It’s at the state level where the changes must be made. “State policies play a powerful role in shaping early childhood jobs and, in turn, the qual­ity of early learning experiences available to young children,” the report notes.

AFSCME, which represents thousands of child care workers nationwide, supports state initiatives to raise child care compensation. In California, UDW Homecare Providers Union/AFSCME Local 3930 is working with state lawmakers to raise subsidy rates for family child care providers who earn, on average, just $4.98 per hour after accounting for expenses, according to the coalition, “Raising California Together,” of which UDW is a member. Higher rates will make it “easier for them to afford their work-related expenses and keep their day cares open for business,” wrote UDW Exec. Dir. Doug Moore in a recent column on our blog.

“These problems add up to decreased access to quality, affordable child care and early learning opportunities for our children,” wrote Moore, also an AFSCME International vice president. “But there is a solution: Make an investment in family child care providers to increase families’ access to child care.”

Hillary Clinton, AFSCME’s endorsed candidate for President, is committed to raising wages for America’s child care workforce. “Hillary will create the Respect and Increased Salaries for Early Childhood Educators (RAISE) initiative,” her campaign website says. “In line with Clinton’s Care Workers Initiative, RAISE will fund and support states and local communities that work to increase the compensation of child care providers and early educators and provide equity with kindergarten teachers by investing in educational opportunities, career ladders, and professional salaries.”

AFSCME will work to elect Secretary Clinton so she can carry out her pledge to the nation’s child care workers. They – and the next generation – depend on her.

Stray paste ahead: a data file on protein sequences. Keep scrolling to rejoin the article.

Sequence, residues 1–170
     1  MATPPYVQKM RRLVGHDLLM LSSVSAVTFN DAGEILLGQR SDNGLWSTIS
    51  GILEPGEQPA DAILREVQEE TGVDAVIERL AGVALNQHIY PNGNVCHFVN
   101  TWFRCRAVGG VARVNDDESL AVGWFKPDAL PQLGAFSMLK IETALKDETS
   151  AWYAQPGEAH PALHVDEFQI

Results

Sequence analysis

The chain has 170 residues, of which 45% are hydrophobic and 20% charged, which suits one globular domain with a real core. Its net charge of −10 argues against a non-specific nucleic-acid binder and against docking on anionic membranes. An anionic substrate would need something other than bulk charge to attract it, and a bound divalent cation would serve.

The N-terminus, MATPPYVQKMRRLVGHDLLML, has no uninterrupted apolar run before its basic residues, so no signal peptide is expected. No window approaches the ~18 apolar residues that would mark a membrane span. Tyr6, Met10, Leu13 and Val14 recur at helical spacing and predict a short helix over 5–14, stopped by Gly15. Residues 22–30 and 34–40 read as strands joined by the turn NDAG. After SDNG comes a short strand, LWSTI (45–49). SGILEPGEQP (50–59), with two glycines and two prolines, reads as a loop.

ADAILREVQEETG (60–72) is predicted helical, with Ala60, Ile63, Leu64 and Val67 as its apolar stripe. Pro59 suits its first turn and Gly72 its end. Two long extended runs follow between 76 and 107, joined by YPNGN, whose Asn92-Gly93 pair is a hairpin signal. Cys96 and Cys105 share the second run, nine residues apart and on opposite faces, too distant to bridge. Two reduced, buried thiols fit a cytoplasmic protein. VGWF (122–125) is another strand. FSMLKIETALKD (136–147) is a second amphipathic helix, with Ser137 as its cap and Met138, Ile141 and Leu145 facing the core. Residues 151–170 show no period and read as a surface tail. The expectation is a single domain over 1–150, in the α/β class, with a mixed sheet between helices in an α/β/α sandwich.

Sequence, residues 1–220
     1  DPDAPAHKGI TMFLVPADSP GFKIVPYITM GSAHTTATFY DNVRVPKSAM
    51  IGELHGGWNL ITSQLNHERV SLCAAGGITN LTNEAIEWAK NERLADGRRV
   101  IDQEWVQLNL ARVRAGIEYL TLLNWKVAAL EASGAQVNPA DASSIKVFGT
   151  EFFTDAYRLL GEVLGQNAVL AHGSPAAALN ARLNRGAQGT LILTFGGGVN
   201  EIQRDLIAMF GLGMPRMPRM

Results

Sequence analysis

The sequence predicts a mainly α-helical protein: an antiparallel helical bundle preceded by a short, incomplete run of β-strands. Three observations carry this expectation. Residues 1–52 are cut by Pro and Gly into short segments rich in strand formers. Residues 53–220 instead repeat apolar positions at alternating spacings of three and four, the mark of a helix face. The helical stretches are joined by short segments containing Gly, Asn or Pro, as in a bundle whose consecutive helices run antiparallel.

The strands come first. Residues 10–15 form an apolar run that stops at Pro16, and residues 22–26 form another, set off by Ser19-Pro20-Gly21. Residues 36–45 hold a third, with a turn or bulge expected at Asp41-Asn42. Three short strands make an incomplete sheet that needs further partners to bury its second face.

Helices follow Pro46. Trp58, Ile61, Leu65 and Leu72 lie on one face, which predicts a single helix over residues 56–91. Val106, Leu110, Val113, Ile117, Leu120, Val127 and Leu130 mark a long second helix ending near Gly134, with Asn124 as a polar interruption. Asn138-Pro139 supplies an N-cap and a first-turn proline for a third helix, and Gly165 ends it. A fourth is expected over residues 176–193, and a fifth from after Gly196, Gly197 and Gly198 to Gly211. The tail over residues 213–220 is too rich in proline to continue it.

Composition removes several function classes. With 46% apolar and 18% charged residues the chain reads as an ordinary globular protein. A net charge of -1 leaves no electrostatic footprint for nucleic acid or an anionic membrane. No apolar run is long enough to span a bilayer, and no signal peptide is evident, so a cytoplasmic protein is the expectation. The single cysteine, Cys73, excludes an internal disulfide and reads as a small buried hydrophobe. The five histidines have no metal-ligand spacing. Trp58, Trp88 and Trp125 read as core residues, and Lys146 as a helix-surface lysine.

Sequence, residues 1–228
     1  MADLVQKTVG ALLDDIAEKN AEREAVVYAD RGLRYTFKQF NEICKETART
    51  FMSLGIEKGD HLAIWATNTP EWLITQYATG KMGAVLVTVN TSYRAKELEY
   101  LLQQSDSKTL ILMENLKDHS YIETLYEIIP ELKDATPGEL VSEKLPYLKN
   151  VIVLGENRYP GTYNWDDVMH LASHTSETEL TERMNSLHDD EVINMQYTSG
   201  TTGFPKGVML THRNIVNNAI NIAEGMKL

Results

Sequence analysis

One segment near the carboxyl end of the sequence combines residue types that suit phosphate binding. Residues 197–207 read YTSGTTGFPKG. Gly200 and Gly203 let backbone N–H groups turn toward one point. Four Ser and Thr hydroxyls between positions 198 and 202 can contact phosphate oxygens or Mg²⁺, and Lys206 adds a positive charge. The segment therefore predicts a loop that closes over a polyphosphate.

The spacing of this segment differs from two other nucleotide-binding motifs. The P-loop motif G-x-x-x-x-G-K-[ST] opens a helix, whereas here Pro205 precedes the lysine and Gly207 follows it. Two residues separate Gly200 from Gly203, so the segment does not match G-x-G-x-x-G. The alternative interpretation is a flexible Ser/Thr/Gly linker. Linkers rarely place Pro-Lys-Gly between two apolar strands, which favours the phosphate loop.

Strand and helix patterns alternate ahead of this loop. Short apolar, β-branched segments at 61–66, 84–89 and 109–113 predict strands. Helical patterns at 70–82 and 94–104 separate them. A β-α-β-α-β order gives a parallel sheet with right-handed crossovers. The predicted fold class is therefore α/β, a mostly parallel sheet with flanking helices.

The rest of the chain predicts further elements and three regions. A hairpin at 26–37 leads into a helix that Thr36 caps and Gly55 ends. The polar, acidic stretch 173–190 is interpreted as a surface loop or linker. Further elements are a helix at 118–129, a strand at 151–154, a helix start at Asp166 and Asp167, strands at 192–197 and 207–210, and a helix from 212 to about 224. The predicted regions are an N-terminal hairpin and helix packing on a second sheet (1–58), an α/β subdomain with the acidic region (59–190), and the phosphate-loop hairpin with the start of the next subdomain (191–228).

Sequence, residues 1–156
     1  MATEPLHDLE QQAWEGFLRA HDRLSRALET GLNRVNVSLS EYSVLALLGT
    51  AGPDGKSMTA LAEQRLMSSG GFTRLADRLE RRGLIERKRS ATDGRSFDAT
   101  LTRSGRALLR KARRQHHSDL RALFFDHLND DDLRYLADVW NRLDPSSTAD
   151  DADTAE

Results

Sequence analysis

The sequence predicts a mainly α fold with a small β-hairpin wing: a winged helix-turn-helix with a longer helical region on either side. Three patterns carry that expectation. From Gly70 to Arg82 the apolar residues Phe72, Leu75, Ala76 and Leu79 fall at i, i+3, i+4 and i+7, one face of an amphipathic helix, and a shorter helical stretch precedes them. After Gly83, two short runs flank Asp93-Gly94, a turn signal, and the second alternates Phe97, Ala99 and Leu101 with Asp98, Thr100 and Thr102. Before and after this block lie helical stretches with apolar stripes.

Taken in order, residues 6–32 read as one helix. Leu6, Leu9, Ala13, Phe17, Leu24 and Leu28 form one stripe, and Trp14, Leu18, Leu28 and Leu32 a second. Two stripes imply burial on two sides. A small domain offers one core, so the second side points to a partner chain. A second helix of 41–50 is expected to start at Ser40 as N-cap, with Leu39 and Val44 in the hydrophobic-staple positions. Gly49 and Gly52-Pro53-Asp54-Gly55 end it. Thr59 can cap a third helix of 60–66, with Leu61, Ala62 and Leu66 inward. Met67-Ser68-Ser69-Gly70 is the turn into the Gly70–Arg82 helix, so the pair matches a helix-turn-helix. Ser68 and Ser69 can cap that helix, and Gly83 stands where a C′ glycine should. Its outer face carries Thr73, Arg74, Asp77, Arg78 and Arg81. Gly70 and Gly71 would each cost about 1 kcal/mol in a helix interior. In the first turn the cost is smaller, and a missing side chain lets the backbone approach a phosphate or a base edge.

IMG_8582

Sacramento area family child care providers

Last night, UDW child care providers across the state and at our offices in Orange and Sacramento counties attended our monthly meeting to get the latest updates on child care.

The biggest issue on everyone’s mind was the state budget, and how it will affect family child care providers and our daycares. Together, we’ve worked for months to urge our elected leaders to make a significant investment in child care and early education.

OC providers

Orange County family child care providers

Last night, we learned that our efforts were successful! The state legislature passed a budget this week that will invest an estimated $528 million into child care and early education programs. Of the $528 million, a majority of the funds will be used to increase subsidy reimbursement rates over the next two years. Rate increases will help providers afford the extra expense we will have when we have to pay our providers the new, higher state minimum wage.

The budget is now on Governor Brown’s desk, and he has until June 30th to sign it into law. That means we still have work to do.

We need to double our efforts to make sure the governor knows how important investing in child care is to providers and working families.

Call Governor Brown today at 1-916-445-2481. Make sure to tell him that you’re a child care provider, and that we must make an investment in care for children. Tell him to sign the budget to put much needed funds into California’s child care and early education system.

 And be sure to ask other providers, your family, and your friends to make the call, too!

Click here to read more about the rate increases included in the state budget.

UPDATE: Victory! On June 28, 2016, after receiving urgent calls from UDW family child care providers, Governor Brown signed the state budget for fiscal year 2016-17 into law. Rate increases are expected to go into effect on January 1, 2017.

This year, UDW family child care providers have united to urge California lawmakers to fix the child care crisis. Parents who need a safe and reliable place to take their kids while they work are struggling to access affordable quality care. And because of low rates, family child care providers are barely making enough money to keep our daycares open.